An attractive, informative and very rare 1850 plan of New London, Connecticut, situated on Long Island Sound at the mouth of the Thames River. First settled in 1646, its excellent deep water harbor made it a natural hub of commerce and, during wartime, a base for naval operations, and by the early 19th century it had become one of the most active whaling ports in the world.
This striking plan illustrates the city center of New London at the large scale of 200 feet to the inch, allowing Sidney to show not only the street plan, public buildings and businesses, but also to identify landowners and show individual buildings in plan view. Of particular interest are the many wharves and affiliated businesses lining the Harbor, indicative of the city’s intensely maritime economy; as well as the line of the New London, Willimantic and Palmer Railroad, which had been chartered in 1847 and opened to New London in late 1849.
The inset views of fine area residences, places of worship, the Female Academy (inc. 1834), Fort Trumbull (first built during the Revolution on the south shore of Shaw’s Neck Cove), and the Croton Monument (across the Thames at Fort Griswold) add both visual appeal and documentary value. The finest of the residences is that of Thomas Williams, generally credited as pioneering New London’s whaling industry with the 1819 voyage of the Mary. The plan shows that he owned much of the land to the south and east of the burial ground, as well as many of the wharves and buildings along the harbor front.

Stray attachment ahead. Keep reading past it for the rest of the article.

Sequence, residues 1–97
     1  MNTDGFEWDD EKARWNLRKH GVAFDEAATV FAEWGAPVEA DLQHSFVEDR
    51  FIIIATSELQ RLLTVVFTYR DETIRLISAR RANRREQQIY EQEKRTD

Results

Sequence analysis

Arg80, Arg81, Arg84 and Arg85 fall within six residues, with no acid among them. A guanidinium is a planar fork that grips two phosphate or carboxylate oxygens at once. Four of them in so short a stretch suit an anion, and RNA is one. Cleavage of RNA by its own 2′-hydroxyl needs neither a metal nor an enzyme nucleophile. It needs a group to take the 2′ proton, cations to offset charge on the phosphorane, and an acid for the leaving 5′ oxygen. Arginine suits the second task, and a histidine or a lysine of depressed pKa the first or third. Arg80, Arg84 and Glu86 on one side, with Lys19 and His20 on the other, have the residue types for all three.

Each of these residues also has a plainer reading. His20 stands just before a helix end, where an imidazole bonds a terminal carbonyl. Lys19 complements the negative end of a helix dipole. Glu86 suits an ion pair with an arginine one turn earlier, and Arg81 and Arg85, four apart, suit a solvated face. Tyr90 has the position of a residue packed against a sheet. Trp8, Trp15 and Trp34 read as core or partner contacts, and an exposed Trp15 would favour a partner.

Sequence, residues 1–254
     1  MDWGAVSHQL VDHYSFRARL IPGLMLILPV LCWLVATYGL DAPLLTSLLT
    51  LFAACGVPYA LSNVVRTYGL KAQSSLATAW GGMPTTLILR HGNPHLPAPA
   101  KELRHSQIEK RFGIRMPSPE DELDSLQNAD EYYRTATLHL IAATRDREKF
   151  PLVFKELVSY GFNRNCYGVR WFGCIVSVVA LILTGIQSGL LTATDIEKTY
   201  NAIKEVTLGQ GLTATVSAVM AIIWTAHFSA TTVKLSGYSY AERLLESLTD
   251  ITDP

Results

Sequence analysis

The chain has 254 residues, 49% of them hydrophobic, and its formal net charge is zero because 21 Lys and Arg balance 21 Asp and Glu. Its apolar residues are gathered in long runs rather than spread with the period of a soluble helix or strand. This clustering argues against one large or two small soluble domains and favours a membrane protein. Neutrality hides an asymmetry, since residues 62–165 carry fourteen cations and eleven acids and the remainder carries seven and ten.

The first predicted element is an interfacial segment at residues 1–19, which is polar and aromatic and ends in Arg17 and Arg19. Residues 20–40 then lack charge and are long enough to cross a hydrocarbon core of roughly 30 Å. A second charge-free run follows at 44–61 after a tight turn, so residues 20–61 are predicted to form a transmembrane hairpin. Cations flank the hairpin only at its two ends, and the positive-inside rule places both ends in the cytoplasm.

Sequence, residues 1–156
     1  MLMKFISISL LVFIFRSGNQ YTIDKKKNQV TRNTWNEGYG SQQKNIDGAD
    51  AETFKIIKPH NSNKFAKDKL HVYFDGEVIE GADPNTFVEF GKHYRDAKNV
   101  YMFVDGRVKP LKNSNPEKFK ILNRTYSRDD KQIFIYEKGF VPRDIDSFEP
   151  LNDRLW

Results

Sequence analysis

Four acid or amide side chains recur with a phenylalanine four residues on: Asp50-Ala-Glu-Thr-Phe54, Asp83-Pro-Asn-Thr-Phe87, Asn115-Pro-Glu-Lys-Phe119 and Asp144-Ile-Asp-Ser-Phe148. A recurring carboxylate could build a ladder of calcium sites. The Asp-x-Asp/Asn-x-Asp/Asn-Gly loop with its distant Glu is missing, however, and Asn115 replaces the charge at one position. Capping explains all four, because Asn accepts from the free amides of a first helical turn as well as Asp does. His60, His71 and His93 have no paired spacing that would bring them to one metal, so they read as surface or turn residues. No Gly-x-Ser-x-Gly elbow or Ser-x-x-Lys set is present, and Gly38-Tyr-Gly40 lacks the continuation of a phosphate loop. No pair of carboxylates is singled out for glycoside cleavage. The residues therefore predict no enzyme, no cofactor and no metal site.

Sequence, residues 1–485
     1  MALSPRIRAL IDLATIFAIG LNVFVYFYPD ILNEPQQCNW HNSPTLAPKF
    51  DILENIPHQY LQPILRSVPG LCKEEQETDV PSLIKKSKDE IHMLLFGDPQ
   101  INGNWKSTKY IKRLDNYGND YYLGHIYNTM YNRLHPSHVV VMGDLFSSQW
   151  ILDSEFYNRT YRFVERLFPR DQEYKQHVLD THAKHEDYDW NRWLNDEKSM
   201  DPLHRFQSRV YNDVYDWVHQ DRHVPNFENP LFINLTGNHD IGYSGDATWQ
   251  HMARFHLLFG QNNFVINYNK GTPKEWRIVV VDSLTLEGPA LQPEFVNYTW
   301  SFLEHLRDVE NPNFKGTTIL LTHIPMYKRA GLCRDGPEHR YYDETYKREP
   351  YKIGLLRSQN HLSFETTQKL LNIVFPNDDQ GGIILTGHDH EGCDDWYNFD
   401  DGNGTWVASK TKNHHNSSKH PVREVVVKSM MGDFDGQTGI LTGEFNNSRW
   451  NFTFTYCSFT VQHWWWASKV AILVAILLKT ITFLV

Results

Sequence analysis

Mapmaker James Charles Sidney was an architect, engineer, surveyor, and landscape architect born in England. In the early 1840s, he was employed by John Jay Smith, Librarian of the Library Company of Philadelphia, as a cartographer. By 1849, he listed himself in the Philadelphia city directory as a civil engineer. In 1850-1851 he formed a partnership with James P. W. Neff, Sidney & Neff, Engineers and Architects, at 80 Walnut Street. Also at this Sidney produced his important publication, American Cottage and Villa Architecture (New York: D. Appleton & Co., 1850). The Sidney & Neff partnership dissolved in 1854-1855, and Sidney moved to New York City to work for Robert Pearsall Smith, son of John Jay Smith and one of the most prolific American map publishers of the mid-nineteenth century. He returned to Philadelphia in 1857-1858 and shortly thereafter entered into another brief partnership (1859-1860) with Andrew Adams, rural architects, engineers and surveyors.
During the course of his career Smith and was responsible for numerous county maps as well as large-scale maps of Baltimore, Philadelphia, Boston, New York City, Trenton, and other cities. All are wall-sized and, in Ristow’s view, “attractively and neatly composed, lithographed, and printed.” (American Maps and Mapmakers, p. 257)
OCLC #54981274 (Connecticut Historical Society) and 556784299 (British Library). Thompson, Maps of Connecticut, #126 (American Antiquarian Society, American Geographical Society, Connecticut State Library, New York Historical Society). Not in Phillips, Maps of America.
Gently toned overall with scattered scuffing; mild-moderate soiling, staining and wear concentrated at top fifth of map; and four vertical series of small (worm?)holes. Still about very good overall appearance.